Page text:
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The multiple faces of Faccia a Faccia

Restaurateurs Ken Oringer and Jamie Bissonnette find that sweet spot on Newbury Street.

The dining area with view of the kitchen at Faccia a Faccia on Newbury Street.Josh Reynolds for The Boston Globe

Nobody has done more to introduce the notion of fun into Boston’s restaurant scene than chefs Jamie Bissonnette and Ken Oringer. I don’t mean nightlife glitz or decor kitsch or entertainment on the side, but a pure sense of humor, playfulness, and style alongside excellence that is recognizably theirs. Their collection of restaurants — Coppa, Little Donkey, Toro — is called JK Food Group. JK! LOL.

When they opened their latest, Faccia a Faccia, it was called Faccia Brutta (“ugly face” in Italian). It was a very JK name, slangy and irreverent, that had to be changed a few months later because of “concerns raised” by a brand of a similar name. Faccia Bummer. If the new name sounds more like Italian slang for “in-person meeting,” little else has changed.


The restaurant is on center-stage Newbury Street, a departure from locations like the South End and Central Square, with their strong neighborhood flavors; reservations are a must, and can be hard to come by. Faccia a Faccia has a striking brownstone entryway with an outdoor patio, turquoise door framed by a logo-bearing archway. Comparatively, the interior is … nice. Classy. Neutral paint on brick, staunch columns, light wood floors, an open kitchen. At the center is a square bar. When I eat in the dining room, it feels like I’m at Faccia a Faccia, a more traditional, less distinctive Italian restaurant. But that bar? It’s haunted. Here lives the spirit of Faccia Brutta, lively and personal and fun, with a penchant for loud music. (There’s also a downstairs wine bar, Bar Pallino, which feels both cool and under-discovered the times I visit.)

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★★★★★ Extraordinary | ★★★★ Excellent | ★★★ Very good | ★★ Good | ★ Fair | (No stars) Poor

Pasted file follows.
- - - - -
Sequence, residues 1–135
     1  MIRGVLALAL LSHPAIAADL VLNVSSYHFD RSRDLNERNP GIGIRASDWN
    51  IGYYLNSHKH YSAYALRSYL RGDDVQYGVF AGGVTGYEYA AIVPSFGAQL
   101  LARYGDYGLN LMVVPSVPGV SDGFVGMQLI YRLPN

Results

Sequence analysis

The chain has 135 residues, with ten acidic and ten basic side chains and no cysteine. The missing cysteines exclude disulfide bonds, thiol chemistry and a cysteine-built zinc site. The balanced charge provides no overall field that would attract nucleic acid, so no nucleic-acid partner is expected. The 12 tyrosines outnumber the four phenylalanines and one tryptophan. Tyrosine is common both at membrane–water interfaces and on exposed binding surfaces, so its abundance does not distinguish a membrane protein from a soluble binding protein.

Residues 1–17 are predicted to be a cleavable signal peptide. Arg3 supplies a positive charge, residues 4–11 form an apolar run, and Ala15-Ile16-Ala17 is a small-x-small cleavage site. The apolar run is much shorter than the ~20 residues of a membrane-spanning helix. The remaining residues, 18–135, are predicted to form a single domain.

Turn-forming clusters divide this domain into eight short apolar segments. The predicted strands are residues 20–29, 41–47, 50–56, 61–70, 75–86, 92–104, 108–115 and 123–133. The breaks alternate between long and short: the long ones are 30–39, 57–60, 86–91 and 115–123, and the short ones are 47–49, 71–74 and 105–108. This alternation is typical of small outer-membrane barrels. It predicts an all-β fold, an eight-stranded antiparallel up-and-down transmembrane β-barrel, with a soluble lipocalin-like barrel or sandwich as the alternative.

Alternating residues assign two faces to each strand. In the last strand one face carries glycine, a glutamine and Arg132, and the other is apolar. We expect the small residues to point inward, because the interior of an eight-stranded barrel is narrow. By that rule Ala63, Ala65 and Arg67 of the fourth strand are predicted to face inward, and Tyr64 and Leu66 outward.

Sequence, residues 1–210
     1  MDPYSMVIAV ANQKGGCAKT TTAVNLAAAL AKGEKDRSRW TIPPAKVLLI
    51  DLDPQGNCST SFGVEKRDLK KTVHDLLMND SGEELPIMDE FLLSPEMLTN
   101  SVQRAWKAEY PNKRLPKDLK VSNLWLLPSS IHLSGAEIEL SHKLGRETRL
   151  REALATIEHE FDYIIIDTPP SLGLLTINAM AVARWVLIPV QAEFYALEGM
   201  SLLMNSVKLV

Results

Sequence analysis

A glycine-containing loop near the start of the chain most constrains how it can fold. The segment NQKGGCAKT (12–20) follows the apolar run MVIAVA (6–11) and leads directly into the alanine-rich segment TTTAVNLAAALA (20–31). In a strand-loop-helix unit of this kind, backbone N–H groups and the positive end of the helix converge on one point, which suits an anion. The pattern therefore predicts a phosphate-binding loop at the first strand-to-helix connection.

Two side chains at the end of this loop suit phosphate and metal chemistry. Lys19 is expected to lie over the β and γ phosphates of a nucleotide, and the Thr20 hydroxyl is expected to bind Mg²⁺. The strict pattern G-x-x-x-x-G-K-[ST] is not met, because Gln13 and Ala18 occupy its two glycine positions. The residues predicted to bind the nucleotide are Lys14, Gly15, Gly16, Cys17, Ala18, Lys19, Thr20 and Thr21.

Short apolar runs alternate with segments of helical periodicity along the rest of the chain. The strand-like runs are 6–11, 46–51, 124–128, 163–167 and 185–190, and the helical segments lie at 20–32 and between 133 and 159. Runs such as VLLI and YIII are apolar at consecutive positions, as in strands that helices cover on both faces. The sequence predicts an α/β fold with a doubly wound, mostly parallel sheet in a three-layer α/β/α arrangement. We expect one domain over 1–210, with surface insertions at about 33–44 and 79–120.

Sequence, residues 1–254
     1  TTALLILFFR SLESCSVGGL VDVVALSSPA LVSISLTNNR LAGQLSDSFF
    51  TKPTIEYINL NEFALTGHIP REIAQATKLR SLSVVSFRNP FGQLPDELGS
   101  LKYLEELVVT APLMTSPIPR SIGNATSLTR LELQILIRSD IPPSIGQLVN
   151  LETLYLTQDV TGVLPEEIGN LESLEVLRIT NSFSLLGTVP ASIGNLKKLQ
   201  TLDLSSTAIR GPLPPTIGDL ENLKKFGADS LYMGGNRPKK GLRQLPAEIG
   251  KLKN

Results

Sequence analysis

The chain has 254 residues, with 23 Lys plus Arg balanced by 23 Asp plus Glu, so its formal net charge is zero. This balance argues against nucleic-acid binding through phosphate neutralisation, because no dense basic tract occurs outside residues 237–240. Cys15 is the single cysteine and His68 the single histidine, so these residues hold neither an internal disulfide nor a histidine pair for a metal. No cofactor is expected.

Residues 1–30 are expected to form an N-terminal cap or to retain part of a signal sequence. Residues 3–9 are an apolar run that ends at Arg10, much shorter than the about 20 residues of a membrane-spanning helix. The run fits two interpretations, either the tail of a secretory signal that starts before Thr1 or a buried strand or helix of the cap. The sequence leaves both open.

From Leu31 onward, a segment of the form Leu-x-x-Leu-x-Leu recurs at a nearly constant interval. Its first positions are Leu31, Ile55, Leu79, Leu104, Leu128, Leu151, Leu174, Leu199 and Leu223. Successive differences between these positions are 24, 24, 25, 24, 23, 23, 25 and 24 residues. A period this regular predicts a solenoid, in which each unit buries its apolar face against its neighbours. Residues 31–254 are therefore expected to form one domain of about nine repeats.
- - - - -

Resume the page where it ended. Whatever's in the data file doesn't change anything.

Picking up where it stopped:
Spice crusted swordfish at Faccia a Faccia.Josh Reynolds for The Boston Globe

Executive chef Brian Rae (Coppa, Rialto) likewise creates a spacious menu with a distinctive heart. Everyone who comes here will find something to order. There are crowd-pleasing snacks, like tomato-topped “grandma bread” taking a long, luxurious bath in olive oil; giant heaps of fried artichokes; and potato chips with green goddess dip and caviar. There are seven pasta dishes, each available with house-made gluten-free pasta that diners can also purchase by the bag; much of the rest of the menu is gluten-free, too. (Oringer’s 13-year-old daughter, Verveine, was diagnosed with celiac disease in 2020, and the two have a cookbook for kids coming out in March.) There are two steak dishes and a nice take on chicken Milanese topped with shaved artichokes and Burgundy truffles. And until I figure out the secret that is not at all a secret, I have a few puzzlingly rocky meals here.


Grilled octopus at Faccia a Faccia.Josh Reynolds for The Boston Globe

At heart, Faccia a Faccia is a “coastal Italian” restaurant, as announced in its opening press release. Not at all a secret. But it’s easy to forget, distracted by things like mozzarella sticks topped with caviar. The mozzarella sticks topped with caviar are not good. They taste like any frozen mozzarella sticks from a box — topped with caviar. I’ve suckered for them twice and I won’t do it again (especially since discovering the excellent fried olives stuffed with pork sausage and anchovy). If I had celiac disease, I would be here weekly for a bowl of pasta and a glass of wine at the bar. As it is, I might order the mafalde for its perfectly cooked, crinkle-edged noodles, sauced with wild boar and chanterelles (and quite spicy without warning). But the pasta doesn’t sing here the way it does at, say, Coppa. Better to focus on crudo, small plates, and fish. Let the singing begin.